Sitelinks - Definition & Differences
What are sitelinks? Can they be influenced? Learn more.
Definition and general
Sitelinks are the displayed links in the search results page that lead to other sections or areas of a web page. They are one of the most frequently used search features.
They often appear with a brand term or company name - but also with many other queries such as information queries.
Are there different sitelinks?
Due to the further developments of search engines, there have also been major changes in the area of sitelinks. Google changes the appearance, the number or even the content relatively often. Nevertheless, I want to briefly discuss the different areas:
Organic search box sitelink
The search box is displayed directly in the search result. Users can generate results directly for a website or app and jump directly to the target.
Organic search fields are added automatically by Google.
By integrating structured data for a Sitelinks search box, you can help Google understand the page. It is not mandatory.
Organic single line sitelink
The biggest difference between paid sitelinks and other types of sitelinks is that text and the URLs can be influenced with the Google ads. Other types of sitelinks are generated automatically and rely on algorithms to determine the content.
What advantage do I have when sitelinks are displayed?
If sitelinks are displayed for a result, the probability that your search result will be clicked on increases enormously.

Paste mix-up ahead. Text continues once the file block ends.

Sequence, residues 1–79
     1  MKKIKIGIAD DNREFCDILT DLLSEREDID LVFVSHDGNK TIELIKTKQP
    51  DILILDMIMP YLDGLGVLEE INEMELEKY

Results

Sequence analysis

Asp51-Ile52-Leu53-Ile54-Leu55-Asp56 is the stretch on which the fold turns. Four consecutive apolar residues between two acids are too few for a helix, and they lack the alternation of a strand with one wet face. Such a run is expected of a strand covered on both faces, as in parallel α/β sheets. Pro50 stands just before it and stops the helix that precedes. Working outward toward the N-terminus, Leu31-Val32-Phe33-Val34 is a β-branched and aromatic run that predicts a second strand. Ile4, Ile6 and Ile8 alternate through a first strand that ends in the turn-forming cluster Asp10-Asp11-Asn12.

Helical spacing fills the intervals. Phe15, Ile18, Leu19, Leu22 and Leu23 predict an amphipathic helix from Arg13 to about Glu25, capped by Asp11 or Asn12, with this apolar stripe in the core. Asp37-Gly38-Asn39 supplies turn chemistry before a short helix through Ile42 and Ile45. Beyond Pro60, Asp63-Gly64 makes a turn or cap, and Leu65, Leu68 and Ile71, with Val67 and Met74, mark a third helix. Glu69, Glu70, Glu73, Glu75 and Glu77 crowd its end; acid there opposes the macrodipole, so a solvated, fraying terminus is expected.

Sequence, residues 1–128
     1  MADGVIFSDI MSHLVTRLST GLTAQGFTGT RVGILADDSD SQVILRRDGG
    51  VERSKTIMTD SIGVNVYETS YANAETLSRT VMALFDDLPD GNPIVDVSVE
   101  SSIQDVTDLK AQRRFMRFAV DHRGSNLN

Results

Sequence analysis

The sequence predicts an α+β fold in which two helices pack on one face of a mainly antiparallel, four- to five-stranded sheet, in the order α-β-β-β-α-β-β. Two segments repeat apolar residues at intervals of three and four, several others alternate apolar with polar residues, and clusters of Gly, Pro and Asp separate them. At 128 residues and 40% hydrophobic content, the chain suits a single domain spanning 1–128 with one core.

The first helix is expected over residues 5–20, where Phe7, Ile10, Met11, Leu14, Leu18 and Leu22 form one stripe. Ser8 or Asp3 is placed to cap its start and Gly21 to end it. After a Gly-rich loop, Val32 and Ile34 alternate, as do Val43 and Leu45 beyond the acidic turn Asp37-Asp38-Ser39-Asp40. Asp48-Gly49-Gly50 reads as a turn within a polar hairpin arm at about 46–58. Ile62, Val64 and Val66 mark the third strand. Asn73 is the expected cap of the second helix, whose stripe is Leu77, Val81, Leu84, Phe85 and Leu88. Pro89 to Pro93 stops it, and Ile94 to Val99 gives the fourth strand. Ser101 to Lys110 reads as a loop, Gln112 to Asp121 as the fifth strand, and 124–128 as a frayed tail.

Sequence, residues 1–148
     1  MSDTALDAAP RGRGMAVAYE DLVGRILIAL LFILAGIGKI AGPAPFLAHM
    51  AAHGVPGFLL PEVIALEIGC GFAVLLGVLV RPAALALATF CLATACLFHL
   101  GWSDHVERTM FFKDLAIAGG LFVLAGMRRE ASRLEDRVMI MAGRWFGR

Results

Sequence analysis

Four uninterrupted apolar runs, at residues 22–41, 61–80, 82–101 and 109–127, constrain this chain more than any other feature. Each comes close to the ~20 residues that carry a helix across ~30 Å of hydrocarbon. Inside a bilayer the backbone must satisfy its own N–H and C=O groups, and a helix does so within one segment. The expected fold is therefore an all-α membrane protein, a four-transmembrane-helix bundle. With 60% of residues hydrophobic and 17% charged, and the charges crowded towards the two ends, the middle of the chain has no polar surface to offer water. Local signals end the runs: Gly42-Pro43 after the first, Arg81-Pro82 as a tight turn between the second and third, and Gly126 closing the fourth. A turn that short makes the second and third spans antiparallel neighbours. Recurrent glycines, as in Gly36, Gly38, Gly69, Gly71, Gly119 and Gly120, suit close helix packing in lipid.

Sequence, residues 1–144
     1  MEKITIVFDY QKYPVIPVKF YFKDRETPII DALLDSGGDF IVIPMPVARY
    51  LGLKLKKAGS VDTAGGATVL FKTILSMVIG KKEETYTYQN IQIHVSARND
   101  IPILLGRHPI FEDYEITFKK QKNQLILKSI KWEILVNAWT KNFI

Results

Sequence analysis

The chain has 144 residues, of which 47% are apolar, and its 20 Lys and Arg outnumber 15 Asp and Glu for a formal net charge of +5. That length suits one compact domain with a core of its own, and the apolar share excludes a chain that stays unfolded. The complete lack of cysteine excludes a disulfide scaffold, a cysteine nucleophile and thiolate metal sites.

The reasons are:
- They are visually more striking
- They are larger than the other viewfinders
- They are automatically rated as more valuable by users
The better the visibility, the more likely your customer will read your information
Can you influence sitelinks?
In the past, it was possible to invalidate individual pages in Google Search Console. This is no longer possible today. The sitelinks are created and generated by an algorithm. This means that direct influence is no longer possible.
How can you influence the algorithm?
Influence is actually the wrong term in my eyes. Let's rather look at the individual components that are taken into account when creating sitelinks.
Create a website architecture, which also helps Google to structure the individual information
Internal link structure
Depending on how an individual page is linked in the website, influences the rating. For this purpose, the anchor texts also play a role.
If pages are not indexed or should not be indexed, they will not appear in the sitelinks.
A noindex on your own site is rarely recommended.
You don't want a sitelink search box to be displayed?
Use the following day in your Head area:
<meta name=“google“ content=“nositelinkssearchbox“ />
How relevant and useful is your information?
The user's experience and search intention also play a role here. Please note the following points:
- Use Headings and possibly a table of contentswhich help to understand the context
- Note the hreflang tag - here you can help Google to better match your content via language and country settings
- Think about the Search intentions of your target group to
- It is also possible that the respective click rates the displayed pages (is suspected - but not officially confirmed)
Sitelinks cannot simply be created or generated. Rather, many different factors play a role in the generation. In our eyes, you "earn" Sitelinks, because only when you provide high-quality and qualitative information, which also helps the user - only then you will be rewarded with an additional and increased visibility in the search engines.